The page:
Glenn Beck entered Bellingham's Sehome High School his sophomore year already focused on his future in radio, with a sense of self that some people found obnoxious and others found admirable.
BELLINGHAM — Sehome High School’s most controversial graduate just made the cover of Time magazine.
Glenn Beck — described by Time as “the hottest thing in the political-rant racket, left or right” — visited Mount Vernon on Saturday to receive the key to the city, a decision by Mount Vernon’s mayor that further heightened debate about the conservative radio and TV commentator.
Beck lived in Skagit County when his folks ran a bakery in downtown Mount Vernon, but he spent three years in Bellingham at Sehome High, graduating in 1982.
Beck entered Sehome his sophomore year already focused on his future in radio, with a sense of self that some people found obnoxious and others found admirable.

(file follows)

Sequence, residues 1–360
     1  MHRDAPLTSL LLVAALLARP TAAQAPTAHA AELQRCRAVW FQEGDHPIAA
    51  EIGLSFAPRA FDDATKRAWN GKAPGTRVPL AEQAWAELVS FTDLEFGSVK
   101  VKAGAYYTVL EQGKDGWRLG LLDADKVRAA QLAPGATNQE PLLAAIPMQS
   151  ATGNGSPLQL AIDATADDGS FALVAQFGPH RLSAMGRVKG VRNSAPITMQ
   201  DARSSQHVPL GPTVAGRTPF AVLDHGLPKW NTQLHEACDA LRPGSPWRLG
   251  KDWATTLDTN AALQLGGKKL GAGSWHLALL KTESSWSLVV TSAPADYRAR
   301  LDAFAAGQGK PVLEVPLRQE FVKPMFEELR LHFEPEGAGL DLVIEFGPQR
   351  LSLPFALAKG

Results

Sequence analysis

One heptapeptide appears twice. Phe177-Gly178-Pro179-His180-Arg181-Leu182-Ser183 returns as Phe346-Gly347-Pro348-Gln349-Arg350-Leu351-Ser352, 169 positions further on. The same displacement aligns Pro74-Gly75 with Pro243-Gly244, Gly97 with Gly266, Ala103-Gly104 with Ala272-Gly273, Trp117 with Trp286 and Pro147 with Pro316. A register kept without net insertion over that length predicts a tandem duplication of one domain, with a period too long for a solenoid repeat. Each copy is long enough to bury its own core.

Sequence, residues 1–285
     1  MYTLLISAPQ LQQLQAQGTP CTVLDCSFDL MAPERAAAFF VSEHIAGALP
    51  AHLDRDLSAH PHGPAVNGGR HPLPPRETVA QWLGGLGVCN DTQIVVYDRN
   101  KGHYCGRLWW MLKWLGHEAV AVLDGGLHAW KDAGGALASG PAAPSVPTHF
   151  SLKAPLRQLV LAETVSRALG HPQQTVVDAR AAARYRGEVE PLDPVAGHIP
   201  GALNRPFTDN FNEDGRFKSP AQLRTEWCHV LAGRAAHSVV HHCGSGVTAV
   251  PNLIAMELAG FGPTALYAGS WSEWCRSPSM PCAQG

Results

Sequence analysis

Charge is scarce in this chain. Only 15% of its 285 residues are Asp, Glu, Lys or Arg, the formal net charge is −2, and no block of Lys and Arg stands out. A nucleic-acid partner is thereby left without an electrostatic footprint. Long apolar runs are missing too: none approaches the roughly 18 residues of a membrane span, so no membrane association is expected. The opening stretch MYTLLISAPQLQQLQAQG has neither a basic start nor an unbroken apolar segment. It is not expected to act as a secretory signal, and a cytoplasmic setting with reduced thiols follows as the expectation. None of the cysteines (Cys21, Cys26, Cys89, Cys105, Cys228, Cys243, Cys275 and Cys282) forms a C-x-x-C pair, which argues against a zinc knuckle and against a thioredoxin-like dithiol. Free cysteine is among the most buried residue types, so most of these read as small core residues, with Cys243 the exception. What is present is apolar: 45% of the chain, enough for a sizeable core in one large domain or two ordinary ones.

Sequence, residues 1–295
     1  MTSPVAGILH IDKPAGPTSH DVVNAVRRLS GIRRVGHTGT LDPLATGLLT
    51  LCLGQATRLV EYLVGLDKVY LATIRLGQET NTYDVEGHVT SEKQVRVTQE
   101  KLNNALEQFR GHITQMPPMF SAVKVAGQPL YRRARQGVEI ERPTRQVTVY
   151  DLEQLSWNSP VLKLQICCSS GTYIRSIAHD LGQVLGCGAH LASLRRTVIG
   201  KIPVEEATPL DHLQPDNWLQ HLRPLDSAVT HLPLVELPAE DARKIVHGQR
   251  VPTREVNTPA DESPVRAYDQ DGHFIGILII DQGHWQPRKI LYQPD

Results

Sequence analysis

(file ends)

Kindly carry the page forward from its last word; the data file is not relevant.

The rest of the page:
- Seahawks agree to contract extension with quarterback Russell Wilson
- Dustin Ackley trade symbolizes continuing dark days of Mariners
- Surviving Seattle’s sidewalks: Pedestrian rage rises as the population grows
- Seahawks linebacker Bobby Wagner on contract talks: 'Now. That's my deadline'
- Higher wages a surprising success for Seattle restaurant Ivar's
Most Read Stories
“He was motivated and smart and mature,” recalled Larry Young of Blaine, Sehome’s vice principal at the time. “He had a lot of things going for him in high school.”
To Pat Wolken of Bellingham, a classmate and, like Beck, a drama student at Sehome, Beck struck some people as ambitious and standoffish.
“I always felt like he judged people on how useful they were going to be to him,” Wolken said. “That seemed to be his main thing, getting … Glenn Beck moving forward.”